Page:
I have another fun and creative hobby in addition to blogging. My dear friend Joji and I started a podcast in September called Jenn and Joji Podcast. Joji is a registered nurse and a caregiver to her mother, a stroke survivor. Often, our conversations and lifestyle ideas and experiences overlap across nursing, teaching, caregiving, and parenting.
At one of our recent recording sessions the topic of blood pressure came up. For people of Filipino descent like us, high blood pressure is hereditary. My dad had it and my mom currently takes medication for it. I know a handful of other family members and friends (of all backgrounds) who also need to manage it.
At 41 years old, I admit that I had claimed invincibility on this one for the last couple of years. I am generally active, not overweight, and overall feel pretty good. I had never checked my blood pressure outside of routine checkups.
Joji, who had established taking her blood pressure at home routinely for a while now, invited me to give it a go since she owns a monitor.
A healthy range for blood pressure for a female my age should be anywhere under 120/80. I have no shame in my game (obviously) about posting my reading from that day for all to see.
The results cancelled out the invincibility. DARN.
Of course, Joji was a very supportive friend. She helped facilitate a conversation centered around my eating and drinking patterns and underlying stress. Up to this moment of time in the summer, I was still enjoying unstructured snacking that included processed sugar and salt. I was also partaking in nightly hard seltzer and/or wine and/or tequila during a couple of weekend mountain trips with friends and family.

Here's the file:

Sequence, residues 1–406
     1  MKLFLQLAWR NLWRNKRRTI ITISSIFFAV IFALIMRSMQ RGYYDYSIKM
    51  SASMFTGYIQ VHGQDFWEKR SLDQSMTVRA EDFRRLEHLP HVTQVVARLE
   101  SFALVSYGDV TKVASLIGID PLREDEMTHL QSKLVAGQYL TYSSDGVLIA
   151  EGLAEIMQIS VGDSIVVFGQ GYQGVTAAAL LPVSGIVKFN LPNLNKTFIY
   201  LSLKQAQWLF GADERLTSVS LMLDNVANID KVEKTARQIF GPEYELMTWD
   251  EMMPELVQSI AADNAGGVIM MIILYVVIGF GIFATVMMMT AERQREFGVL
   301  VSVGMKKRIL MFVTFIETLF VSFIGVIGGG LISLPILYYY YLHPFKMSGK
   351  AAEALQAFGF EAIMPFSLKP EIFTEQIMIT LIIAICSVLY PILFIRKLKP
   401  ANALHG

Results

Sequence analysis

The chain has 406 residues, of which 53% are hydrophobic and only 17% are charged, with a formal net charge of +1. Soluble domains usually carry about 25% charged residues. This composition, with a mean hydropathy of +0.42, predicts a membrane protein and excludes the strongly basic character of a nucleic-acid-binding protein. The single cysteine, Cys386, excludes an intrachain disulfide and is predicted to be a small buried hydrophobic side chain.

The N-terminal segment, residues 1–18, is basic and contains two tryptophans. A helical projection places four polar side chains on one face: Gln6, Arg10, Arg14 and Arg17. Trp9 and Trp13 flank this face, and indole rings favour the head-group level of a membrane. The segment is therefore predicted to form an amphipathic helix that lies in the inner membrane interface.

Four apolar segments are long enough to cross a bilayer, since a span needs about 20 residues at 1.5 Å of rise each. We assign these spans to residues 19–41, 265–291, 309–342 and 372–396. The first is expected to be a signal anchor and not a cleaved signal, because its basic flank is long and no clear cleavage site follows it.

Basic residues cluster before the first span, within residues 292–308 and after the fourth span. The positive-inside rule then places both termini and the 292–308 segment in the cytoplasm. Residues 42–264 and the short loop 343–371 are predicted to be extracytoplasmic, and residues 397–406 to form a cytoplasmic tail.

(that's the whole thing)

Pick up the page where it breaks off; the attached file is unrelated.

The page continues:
What about that underlying stress? Quitting my job and landing a new one while also dealing with the unknown didn’t just go away over night because it’s officially summer vacation.
It all made sense. Also, when Joji and I podcast, we drink coffee throughout the whole time as we chat, so I was also about 2 cups in when I decided to check my BP.
Here’s the point. Someone may feel physically amazing during their day to day, but the body is still a complex and fragile vessel that scientifically needs the proper balance of nutrients and regular legit check ups and monitoring to function properly. It is incredibly simple but immensely difficult to prioritize best health practices in our culture in the U.S..
Since that fateful reality check day, here is what I did almost immediately:
- Continued checking my BP daily in the morning, first thing. Joji let me borrow hers for a week, and then I purchased my own after that.
- Took a BIG social media break in an effort to decrease sedentary behavior
- Stopped having nightly cocktails
- Steered clear of processed sugary and salty snacks (especially chips, which are my weakness)
- Made an appointment for the following: mammogram, routine physical, lab work
I already feel so much better, and yes, the latest readings prove that I lowered my blood pressure over the last few weeks. What a relief! Even though the numbers have been looking better lately, the motivation to maintain remains strong.
I am SUPER thankful for healthy habits and hobbies, supportive friends, and health/reality checks.
The link below is an affiliate link. As an Amazon Associate, I earn from qualifying purchases. This means that, at zero cost to you, I will earn an affiliate commission if you click through the link and finalize a purchase.
As mentioned earlier, Joji let me borrow her monitor, but when I gave it back I purchased my own. The link below will bring you to Amazon if you would like to check it out. Batteries were included!
Omron 5 Series Wireless Upper Arm Blood Pressure Monitor on Amazon (paid link)
” It is incredibly simple but immensely difficult to prioritize best health practices in our culture in the U.S..” For…SURE!
From convenience food that’s constantly in our faces to the emotional complexities of diet culture, I feel that our society needs to do better. Sadly, it’s a money talks issue. Thanks again for reading!
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YESSS! It’s always about money in this society. Anywho, you’re welcome.
Many people with heart failure also have diabetes or high blood pressure. But new research suggests those conditions, even when treated, aren’t well controlled, placing people at risk for worsening heart problems, according to the American Heart Association (AHA).
Thank you for sharing. This is really important information. I know that diabetes is a major concern as well, and many struggle with keeping it controlled. It’s motivating to really think twice about lifestyle and consumption. Thanks for reading.